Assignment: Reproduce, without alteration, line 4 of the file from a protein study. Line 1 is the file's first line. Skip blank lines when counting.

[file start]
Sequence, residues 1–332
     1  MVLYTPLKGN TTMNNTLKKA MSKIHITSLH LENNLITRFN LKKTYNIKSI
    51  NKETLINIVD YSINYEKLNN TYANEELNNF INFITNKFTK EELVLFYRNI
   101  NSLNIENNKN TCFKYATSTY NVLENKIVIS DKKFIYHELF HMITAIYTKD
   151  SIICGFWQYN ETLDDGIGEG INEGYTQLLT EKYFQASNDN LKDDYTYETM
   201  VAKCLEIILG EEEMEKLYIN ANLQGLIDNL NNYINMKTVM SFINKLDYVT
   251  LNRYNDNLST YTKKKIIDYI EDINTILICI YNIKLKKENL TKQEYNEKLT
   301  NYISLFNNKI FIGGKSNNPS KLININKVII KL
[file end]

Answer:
   101  NSLNIENNKN TCFKYATSTY NVLENKIVIS DKKFIYHELF HMITAIYTKD